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Women's board appointment in top 100 SGX-listed firms rises to 15.7% in H1

FOR the first half of 2019, women on boards increased by 0.5 percentage point to 15.7 per cent among top 100 primary-listed companies by market capitalisation on the Singapore Exchange (SGX), said the Council for Board Diversity.

Five of these companies, which are already gender-diverse - ComfortDelGro, SBS Transit, Wing Tai Holdings, First Resources and SATS - each added a woman director.

All-male boards were reduced by four, to 21, after Wilmar International, Hong Leong Finance, CapitaLand Mall Trust, ESR-Reit and Singapore Airlines added a woman director each, and the addition of one all-male board during the period.

Among listed companies, statutory boards and institutions of a public character (IPCs), statutory boards made the best progress with a 1.2 percentage point increase to 24.5 per cent.

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Women on boards among the top 100 IPCs by donation receipts remained at 27.4 per cent, but was still the highest among the three sectors.

The council said that while more could be done across the three sectors, some have achieved its immediate targets.

Of the top 100 listed firms, 36 have achieved the council's first-tier target of at least 20 per cent women on boards.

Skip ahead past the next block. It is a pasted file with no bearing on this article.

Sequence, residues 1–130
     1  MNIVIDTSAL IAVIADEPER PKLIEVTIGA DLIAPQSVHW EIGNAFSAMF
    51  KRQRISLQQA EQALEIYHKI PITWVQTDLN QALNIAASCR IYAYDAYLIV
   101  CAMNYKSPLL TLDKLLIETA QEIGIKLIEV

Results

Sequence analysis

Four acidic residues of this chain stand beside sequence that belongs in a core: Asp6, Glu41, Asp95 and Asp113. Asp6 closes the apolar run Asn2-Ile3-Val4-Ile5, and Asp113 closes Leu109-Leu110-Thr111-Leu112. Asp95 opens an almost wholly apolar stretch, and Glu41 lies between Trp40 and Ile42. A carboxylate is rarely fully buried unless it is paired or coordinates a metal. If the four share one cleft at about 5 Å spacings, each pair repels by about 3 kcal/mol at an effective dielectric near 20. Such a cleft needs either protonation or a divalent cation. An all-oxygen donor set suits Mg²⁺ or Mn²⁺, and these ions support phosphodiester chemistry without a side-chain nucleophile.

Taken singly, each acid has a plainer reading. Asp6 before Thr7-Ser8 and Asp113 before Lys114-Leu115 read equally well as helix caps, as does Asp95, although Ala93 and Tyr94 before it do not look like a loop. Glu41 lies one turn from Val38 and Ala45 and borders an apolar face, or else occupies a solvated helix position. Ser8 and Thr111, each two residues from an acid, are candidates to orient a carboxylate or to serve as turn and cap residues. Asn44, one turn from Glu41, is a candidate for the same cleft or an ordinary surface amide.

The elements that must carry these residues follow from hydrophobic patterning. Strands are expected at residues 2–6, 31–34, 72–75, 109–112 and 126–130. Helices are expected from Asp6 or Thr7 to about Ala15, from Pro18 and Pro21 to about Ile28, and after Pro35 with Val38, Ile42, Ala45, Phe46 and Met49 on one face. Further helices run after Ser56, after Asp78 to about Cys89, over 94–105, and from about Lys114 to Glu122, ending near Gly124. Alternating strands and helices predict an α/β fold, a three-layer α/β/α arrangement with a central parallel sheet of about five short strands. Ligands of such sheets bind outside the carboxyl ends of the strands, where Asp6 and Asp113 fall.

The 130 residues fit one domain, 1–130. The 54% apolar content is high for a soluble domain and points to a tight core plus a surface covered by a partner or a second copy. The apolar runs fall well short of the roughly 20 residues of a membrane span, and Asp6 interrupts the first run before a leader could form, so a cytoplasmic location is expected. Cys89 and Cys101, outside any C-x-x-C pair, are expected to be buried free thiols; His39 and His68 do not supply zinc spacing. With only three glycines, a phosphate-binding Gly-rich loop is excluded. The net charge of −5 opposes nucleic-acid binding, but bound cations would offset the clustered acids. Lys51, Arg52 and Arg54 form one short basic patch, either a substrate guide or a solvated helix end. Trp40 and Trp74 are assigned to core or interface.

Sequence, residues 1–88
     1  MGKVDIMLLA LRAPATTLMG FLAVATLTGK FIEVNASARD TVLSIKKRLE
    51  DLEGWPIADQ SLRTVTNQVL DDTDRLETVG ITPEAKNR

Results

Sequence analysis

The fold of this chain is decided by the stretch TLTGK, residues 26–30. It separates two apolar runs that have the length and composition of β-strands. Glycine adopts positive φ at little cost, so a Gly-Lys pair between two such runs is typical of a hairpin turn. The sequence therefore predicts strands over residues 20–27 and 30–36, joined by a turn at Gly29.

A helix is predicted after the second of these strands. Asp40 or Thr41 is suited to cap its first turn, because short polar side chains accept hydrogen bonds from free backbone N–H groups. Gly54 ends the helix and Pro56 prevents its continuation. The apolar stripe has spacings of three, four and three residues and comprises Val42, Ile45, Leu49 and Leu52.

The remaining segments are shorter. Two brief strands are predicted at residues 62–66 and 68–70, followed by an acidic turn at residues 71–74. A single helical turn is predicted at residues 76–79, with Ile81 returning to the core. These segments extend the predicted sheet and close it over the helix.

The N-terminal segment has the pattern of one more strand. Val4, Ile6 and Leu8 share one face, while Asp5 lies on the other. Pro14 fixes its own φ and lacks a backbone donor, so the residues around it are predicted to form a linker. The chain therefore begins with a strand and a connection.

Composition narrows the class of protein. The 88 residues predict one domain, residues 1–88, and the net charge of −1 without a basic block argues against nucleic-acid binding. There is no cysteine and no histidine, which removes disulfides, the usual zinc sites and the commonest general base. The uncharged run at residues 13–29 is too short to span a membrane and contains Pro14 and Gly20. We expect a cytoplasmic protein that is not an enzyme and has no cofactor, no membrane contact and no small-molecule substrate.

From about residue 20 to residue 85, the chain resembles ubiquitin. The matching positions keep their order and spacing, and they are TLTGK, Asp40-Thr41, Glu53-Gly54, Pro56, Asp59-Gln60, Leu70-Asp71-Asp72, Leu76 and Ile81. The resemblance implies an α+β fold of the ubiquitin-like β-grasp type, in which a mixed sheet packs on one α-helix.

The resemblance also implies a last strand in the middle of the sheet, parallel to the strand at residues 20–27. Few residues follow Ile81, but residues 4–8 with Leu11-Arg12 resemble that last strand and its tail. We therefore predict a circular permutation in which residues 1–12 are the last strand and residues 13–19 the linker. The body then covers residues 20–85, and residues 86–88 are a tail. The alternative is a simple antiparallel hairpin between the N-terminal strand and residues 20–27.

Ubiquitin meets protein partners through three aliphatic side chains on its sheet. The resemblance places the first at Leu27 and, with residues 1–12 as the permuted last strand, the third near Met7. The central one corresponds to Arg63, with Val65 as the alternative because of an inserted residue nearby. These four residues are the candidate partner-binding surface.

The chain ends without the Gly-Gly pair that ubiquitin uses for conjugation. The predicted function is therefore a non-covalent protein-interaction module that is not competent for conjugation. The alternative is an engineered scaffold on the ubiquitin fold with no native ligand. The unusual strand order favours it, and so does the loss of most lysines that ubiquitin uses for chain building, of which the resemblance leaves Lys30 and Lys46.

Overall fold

Fifteen of 64 statutory boards have reached 30 per cent or more women on boards, up from 12, while 40 of top 100 IPCs have achieved 30 per cent.

The council urged the top 100 primary-listed companies and IPCs, as well as statutory boards, to lead the way and demonstrate the compelling benefits of having women on boards to smaller organisations.

Following its establishment by the Ministry of Social and Family Development in January 2019, the council has set a long-term target for equal proportion of men and women directors on boards.

In the nearer term, its target for the top 100 primary-listed companies is achieving the first tier of 20 per cent women on boards by end-2020.

Subsequently, it looks to have all listed companies achieve 25 per cent women on boards by end-2025, and 30 per cent by end-2030.

Top 100 IPCs and statutory boards are to achieve 30 per cent women on boards as soon as possible.

There are more opportunities to improve diversity through proactive, future-focused board refreshment, particularly with the nine-year tenure rule for independent directors taking effect on Jan 1, 2022, said the council.

As at June 30, 2019, 98 independent directors among the top 100 listed companies have served on the boards for at least nine years.

Companies planning to appoint more women directors on their boards can look at a broader slate of male and female qualified board directors, and search beyond personal networks to enlarge the candidate pool, said the council.

Loh Boon Chye, co-chair of the Council for Board Diversity, and CEO of Singapore Exchange, commended the progress made by all three sectors in appointing women directors in the first half of 2019.

"Encouragingly, across all three sectors, organisations that were already supportive of board gender diversity further added women directors, and this reflects widening commitment to board gender diversity," he said. 

Said Mildred Tan, co-chair of the Council for Board Diversity (CBD), and chairperson of National Volunteer and Philanthropy Centre: "CBD has intensified its efforts to engage in direct conversations with board decision-makers as it is timely for organisations to refresh their board and strengthen board composition, by looking for directors that bring a broader range of diversities and in-demand skills to take them into the future."